Cissy Houston Writing Book on Whitney Houston

7:29 AM PST 06/05/2012 by Erin Carlson

The late singer's mother signs with HarperCollins to pen the "unabridged and unbelievable story" of her daughter.

Ending months of speculation, Cissy Houston has officially announced she is writing a book about her late superstar daughter, Whitney Houston.

The Houston family matriarch signed a deal with HarperCollins, which promised the "unabridged and unbelievable story" of the talented and troubled singer, whose once-blazing career stumbled while she grappled with drug addiction and a tumultuous marriage to Bobby Brown.

"When I lost my daughter Nippy, the world lost one of the most beautiful voices and an extraordinarily beautiful and charitable woman," Cissy Houston said Monday in a statement via The Associated Press.

VIDEO: Cissy Houston Slams Media for Whitney Coverage

"In sharing our story in this book, I hope to give her fans something to treasure, the way we all treasured Whitney," she said. "We are still receiving thousands of letters each day from her fans, and I hope reading this book will provide a deeper understanding into my daughter's true story," continued Houston.

The book will be published in February; financial terms weren't disclosed. Steve Fisher, VP of literary at APA, brokered the deal with HarperCollins.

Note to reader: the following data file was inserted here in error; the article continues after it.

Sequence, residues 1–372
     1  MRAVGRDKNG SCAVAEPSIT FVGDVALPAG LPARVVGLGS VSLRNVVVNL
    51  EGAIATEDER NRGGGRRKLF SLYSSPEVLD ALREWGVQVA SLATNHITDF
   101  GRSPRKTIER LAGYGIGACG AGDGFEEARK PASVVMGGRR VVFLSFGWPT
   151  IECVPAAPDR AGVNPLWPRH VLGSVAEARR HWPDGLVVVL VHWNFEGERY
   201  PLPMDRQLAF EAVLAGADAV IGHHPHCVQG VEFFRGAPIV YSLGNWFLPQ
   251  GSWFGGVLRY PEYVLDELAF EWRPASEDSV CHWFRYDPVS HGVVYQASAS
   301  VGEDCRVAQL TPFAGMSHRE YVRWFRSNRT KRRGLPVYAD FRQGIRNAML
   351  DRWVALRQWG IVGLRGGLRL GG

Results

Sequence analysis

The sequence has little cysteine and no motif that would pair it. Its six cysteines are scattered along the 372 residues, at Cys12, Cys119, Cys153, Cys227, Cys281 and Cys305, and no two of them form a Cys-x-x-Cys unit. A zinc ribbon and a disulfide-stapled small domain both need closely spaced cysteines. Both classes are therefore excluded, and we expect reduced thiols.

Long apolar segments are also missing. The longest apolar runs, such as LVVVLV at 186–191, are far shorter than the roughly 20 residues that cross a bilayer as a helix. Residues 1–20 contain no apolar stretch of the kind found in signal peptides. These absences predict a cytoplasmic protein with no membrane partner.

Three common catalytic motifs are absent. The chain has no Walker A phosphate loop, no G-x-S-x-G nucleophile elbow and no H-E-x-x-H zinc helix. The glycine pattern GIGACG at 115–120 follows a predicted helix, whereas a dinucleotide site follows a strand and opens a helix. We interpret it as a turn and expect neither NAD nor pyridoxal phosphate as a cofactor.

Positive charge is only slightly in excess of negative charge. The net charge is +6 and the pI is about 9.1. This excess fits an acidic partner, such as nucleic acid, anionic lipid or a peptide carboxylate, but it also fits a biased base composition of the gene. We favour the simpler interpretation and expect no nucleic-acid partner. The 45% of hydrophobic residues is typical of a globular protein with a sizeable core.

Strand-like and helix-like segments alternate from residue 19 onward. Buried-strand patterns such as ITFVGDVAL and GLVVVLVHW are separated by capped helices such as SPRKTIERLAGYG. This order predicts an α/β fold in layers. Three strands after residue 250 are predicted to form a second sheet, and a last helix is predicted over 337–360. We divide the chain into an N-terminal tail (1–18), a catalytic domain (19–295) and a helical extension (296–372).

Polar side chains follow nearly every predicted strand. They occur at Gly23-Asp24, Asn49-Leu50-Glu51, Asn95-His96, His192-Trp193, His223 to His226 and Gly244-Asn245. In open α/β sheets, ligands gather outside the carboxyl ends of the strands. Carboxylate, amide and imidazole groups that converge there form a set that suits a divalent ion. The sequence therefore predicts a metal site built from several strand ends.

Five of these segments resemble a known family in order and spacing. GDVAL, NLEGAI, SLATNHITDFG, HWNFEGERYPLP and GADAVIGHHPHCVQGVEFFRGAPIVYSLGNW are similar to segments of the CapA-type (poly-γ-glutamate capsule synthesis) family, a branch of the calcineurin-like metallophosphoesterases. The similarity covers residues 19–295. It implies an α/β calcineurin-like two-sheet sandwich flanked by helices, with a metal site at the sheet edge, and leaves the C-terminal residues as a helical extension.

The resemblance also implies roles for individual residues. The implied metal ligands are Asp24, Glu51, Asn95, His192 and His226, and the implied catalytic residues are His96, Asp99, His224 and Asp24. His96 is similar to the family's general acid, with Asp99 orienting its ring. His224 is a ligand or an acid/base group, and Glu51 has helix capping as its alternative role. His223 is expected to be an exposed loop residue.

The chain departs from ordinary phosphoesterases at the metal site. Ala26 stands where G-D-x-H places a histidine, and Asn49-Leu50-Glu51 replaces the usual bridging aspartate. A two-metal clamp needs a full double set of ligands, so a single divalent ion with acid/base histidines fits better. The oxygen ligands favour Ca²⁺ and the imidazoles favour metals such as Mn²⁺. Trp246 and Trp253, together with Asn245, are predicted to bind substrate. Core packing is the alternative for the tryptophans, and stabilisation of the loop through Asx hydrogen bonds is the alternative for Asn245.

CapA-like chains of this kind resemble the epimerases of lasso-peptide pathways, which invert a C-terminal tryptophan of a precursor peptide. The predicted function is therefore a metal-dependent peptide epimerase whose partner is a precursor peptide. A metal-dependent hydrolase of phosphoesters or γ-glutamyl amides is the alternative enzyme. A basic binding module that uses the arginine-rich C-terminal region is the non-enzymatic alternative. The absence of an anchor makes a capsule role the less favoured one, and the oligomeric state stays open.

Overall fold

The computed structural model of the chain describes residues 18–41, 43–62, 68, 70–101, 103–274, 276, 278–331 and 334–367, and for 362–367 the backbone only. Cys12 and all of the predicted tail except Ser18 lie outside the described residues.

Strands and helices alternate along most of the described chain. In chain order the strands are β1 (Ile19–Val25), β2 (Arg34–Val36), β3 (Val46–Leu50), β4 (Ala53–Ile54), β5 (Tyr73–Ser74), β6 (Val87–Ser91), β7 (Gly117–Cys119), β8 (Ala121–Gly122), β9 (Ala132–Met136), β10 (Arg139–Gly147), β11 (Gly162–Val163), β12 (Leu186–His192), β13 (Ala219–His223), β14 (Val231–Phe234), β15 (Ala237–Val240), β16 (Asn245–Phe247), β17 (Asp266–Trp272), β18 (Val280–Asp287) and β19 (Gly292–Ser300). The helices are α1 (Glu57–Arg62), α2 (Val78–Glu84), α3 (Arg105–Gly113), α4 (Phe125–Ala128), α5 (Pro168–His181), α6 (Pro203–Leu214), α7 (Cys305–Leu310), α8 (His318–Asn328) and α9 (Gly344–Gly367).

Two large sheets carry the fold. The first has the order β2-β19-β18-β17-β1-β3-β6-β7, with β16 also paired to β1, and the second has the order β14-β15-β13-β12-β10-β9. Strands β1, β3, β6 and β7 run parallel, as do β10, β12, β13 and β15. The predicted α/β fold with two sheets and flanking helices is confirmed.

In April, reports emerged that she had been meeting with publishers about a book that would tell the so-called true tale of Houston's life.

The iconic "I Will Always Love You" singer was found submerged in a bathtub at the Beverly Hilton on Feb. 11, just hours before she was scheduled to appear at Clive Davis’ annual Pre-Grammy gala. The death was ruled to be an accidental drowning, though an autopsy found cocaine in her system.

"All they know is what they hear, bad things. She’s had her ups and downs. Who hasn't?" Cissy Houston said in March, in her first TV interview since the death. "Let them think and know what they want to say … I just hope they never come and say it to me."

Houston wrote the 1998 memoir How Sweet the Sound.

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